I wonder how many advertising strategists and creatives actually ever sit down in front of their TV sets and watch a whole evening of programmes?
I don't believe they do - and neither do their bosses - because just about all the ad agency and media buying house managing directors I talk to these days tell me that it is a huge problem getting creatives, strategists and media buyers to watch, listen to or read the media into which they are ploughing their clients' money.
And not just to do this once or twice, but regularly.
But, the purpose of my wanting them to sit down and watch an evening of television and preferably not their favourite channels, has got nothing to do with understanding the medium but everything to do with waking up to a phenomenon that is inexorably manifesting itself on our TV screens.
It is the metamorphosis of our advertising industry into an 'advertainment' industry.
One has to be pretty blind not to see what is happening.
Nice ad... but what was the brand? (Image: Aaron Escobar, Wikimedia Commons)
I'm finding more and more people who email or phone me to tell me about an ad they'd seen telling the same story.
"Did you see that great ad? Wow, it was fantastic and the lighting and photography was just phenomenal etc etc. No, I can't remember what it was for but wow, it was a great ad..."
I listened to yet another radio talk show on advertising a while back and it was the same thing. Caller after caller waxing lyrical about the wonderful ads they'd seen. I actually kept count for an hour. Exactly 70% could not remember what the ad was about, what it was selling, or what the brand was.
Another 20% remembered quite definitely in their opinion what the ad was selling but got the product or brand wrong.
This left only 10% actually knowing what the ad was all about. Only 10% of people who had not only noticed and ad, but also watched it, absorbed it, got excited about it and then went to the trouble of phoning a radio station to talk about it.
Is it branding gone mad?
Now this was not an isolated case. I listen to many radio talk shows on advertising and recently the incidence of callers not being able to identify ads they liked so much has increased alarmingly.
Now just what could be the motivation to go this current strategic and creative route, I wonder?
Is it pandering to a client ego that requires his peers to gush over his creative genius? Is it agency profiteering from naive clients with expensive ads with the bulk of the budget going on production and very little on actual flighting?
Is it branding gone mad? Chasing awards perhaps? Or is it a desperate attempt to break through the increasing clutter and get noticed by viewers who are becoming increasingly distracted by all sorts of time-consuming things other than watching ads?
Let's be blunt - there's a lot of crap out there
Is it a coincidence that this situation seems to be getting a lot worse just as we see adspend growing after all those years in the doldrums? Are ad agencies so very busy right now that they don't have the time to really think about what they are doing?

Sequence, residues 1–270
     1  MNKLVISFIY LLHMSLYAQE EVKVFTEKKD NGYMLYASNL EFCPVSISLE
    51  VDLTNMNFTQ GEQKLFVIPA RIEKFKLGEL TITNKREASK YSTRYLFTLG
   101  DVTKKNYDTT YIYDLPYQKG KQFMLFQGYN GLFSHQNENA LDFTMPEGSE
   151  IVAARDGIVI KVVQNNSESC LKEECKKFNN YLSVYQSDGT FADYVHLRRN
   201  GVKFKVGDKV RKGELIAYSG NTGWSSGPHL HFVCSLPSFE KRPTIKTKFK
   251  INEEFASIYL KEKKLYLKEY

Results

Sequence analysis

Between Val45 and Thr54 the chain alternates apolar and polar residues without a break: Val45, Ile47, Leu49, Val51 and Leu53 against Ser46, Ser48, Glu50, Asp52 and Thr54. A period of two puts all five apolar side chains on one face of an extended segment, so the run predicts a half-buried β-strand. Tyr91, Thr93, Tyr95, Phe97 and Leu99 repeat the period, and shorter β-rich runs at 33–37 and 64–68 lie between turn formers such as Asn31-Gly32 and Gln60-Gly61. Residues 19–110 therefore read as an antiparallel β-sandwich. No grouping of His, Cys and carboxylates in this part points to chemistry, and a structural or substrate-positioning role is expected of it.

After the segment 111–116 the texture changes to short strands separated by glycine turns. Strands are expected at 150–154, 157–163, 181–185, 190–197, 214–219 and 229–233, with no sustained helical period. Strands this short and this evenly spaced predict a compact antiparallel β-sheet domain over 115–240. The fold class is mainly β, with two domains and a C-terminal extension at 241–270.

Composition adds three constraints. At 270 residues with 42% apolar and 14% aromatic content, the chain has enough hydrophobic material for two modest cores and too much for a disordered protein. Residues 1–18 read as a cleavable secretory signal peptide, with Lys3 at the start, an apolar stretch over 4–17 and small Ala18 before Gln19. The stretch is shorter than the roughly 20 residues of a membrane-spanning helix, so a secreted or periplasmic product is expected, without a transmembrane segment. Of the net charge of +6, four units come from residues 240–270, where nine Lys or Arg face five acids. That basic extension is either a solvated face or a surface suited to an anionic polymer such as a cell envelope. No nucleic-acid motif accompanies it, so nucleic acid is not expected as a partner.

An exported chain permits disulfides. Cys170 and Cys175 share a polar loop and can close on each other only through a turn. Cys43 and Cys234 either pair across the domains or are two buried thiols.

Of course, I am generalising. There are some very good ads out there. There are agencies doing some great work.
But there is an enormous amount of absolute crap.
Oh, I know those legions of over-sensitive and precious people in the ad industry will just think that I am being overly critical.
But this isn't at all about what I think. It is about the fact that eight out of every 10 people who phone in to radio talk shows and enthuse over their favourite ads have no idea at all about what their favourite ad is representing, selling or promoting. No idea at all.
Surely, that should worry the hell out of anyone in the ad industry right now?
Apart from being a corporate marketing analyst, advisor and media commentator, Chris Moerdyk is a former chairman of Bizcommunity. He was head of strategic planning and public affairs for BMW South Africa and spent 16 years in the creative and client service departments of ad agencies, ending up as resident director of Lindsay Smithers-FCB in KwaZulu-Natal. Email Chris on and follow him on Twitter at @chrismoerdyk.
LEGAL DISCLAIMER: This Message Board accepts no liability of legal consequences that arise from the Message Boards (e.g. defamation, slander, or other such crimes). All posted messages are the sole property of their respective authors. The maintainer does retain the right to remove any message posts for whatever reasons. People that post messages to this forum are not to libel/slander nor in any other way depict a company, entity, individual(s), or service in a false light; should they do so, the legal consequences are theirs alone. Bizcommunity.com will disclose authors' IP addresses to authorities if compelled to do so by a court of law.
Agreed. Too many creatives, particularly young ones, are under the impression that advertising is about creating art, for art's sake, rather than selling a product (perhaps in the process also creating something beautiful). Interesting, too, how many of us from the era can still recall great ads from the 80s and 90s in such detail - the jingle, the words AND the product being touted...the Dunlop dog...the Bic pens clown...Morkels, your two year guarantee store...Joshua Doore, your uncle in the furniture business...I could go on and on but perhaps I'm just showing my age...
The job of the marketer is "to sell more stuff to more people more often" If your proposition (marketing & advertising) is not doing that then stop it immediately. So, all advertising should be selling the brand as a priority. If people cannot remember the brand then you were not selling the brand. Marketers need to be stronger on ensuring they sell their brand and not succumb to the whims of the creatives....